The simulation on change management focuses on how change brought about as a result of strategic initiatives within a company affect work design and organizational culture. The specific company, Synergetic Solutions Inc. , is a computer trading company which currently employees approximately 300 employees, realizes an annual revenue of six million dollars, and is distributed across five east coast locations.
Like many, this organization is being driven to change due to a mixture of external and internal drivers. Specifically, the company finds itself competing in a market where its products and services have become stagnate. Since Synergetic is in the technology market, the company must expect external drivers such as industry competition, standards and benchmarks, and new technology capabilities to introduce the requirement for change on a periodic basis.
Internal drivers of change are also prevalent in Synergetic’s organizational environment. Specifically, the corporate executive officer has recently mandated strategic direction changes which will introduce internal drivers for change to this organization. CEO, Harold Redd, decided to focus the company on networking solutions and raise revenues of this venture to 80% of the organizations’ total sales within nine months.
Implementation of change in the organization will require the leader to weigh resistance to change at both the individual and organizational levels. Because change invariably threatens the status quo, it inherently implies political activity. (Robbins, 2001). The leader of change implementation for the organization must consider the following 17 key elements, identified by the Massachusetts based Symmetrix consulting firm (Robbins, 2001), in weighing their ability to successfully implement a change strategy.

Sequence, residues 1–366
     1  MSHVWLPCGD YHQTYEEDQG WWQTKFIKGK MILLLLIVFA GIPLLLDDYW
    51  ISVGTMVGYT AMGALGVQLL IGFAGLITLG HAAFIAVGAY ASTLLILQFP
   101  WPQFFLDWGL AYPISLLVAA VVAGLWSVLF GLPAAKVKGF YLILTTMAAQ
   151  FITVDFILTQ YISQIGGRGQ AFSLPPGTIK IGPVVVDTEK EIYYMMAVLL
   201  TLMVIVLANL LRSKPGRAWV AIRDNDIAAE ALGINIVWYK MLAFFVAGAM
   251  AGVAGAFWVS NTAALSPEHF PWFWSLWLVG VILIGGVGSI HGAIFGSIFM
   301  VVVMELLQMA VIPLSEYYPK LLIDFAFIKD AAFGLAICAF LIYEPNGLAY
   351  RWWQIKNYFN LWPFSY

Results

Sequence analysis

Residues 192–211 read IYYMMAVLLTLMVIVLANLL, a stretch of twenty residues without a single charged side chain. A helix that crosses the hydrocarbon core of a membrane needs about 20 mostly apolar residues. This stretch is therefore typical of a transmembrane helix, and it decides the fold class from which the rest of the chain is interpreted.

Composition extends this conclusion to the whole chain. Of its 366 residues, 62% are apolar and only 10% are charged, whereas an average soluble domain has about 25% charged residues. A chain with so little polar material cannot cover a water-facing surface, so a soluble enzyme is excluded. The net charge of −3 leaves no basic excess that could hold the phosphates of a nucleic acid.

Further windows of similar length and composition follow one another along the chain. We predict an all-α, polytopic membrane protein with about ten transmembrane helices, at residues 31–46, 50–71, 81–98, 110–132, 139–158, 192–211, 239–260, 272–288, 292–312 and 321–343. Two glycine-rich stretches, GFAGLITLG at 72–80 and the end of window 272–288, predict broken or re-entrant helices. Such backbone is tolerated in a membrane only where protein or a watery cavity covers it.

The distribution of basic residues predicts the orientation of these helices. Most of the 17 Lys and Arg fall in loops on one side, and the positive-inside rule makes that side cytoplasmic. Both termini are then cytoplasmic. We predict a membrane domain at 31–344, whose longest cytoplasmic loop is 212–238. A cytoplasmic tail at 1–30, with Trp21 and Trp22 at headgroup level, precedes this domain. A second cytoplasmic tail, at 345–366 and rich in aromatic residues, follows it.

There are many kinds of resistance that the leader of change in an organization will be experience. Ken Hultman explains that individuals will resist change when a change in habit is imposed, personal sense of security is threatened, one’s income could be lowered, the change is ambiguous and contains a high level of uncertainty, or they become guilty of selectively processing the information presented and do not understand the potential benefits that the changes could bring.
Six tactics presented by Robbins to overcome resistance to change include: education and communication, participation, facilitation and support, negotiation, manipulation and co-optation, and coercion. Educating and communicating with employees to provide them the logic driving the changes can often reduce resistance to change. Individuals find it difficult to resist a change decision in which they have participated, therefore participation is encouraged.
Though time consuming, facilitation by providing counseling, new skills training, and even short paid leave of absence is one way that change agents can reduce resistance to change. Negotiating, or exchanging something of value, is a strategy that can lessen the resistance to change. Manipulation by distorting facts, creating false rumors, or threats is more often present than desired, but carries the chance of backfiring if the targets become aware that they are being tricked or used. Another tactic is that of coercion, which is the application of direct threats.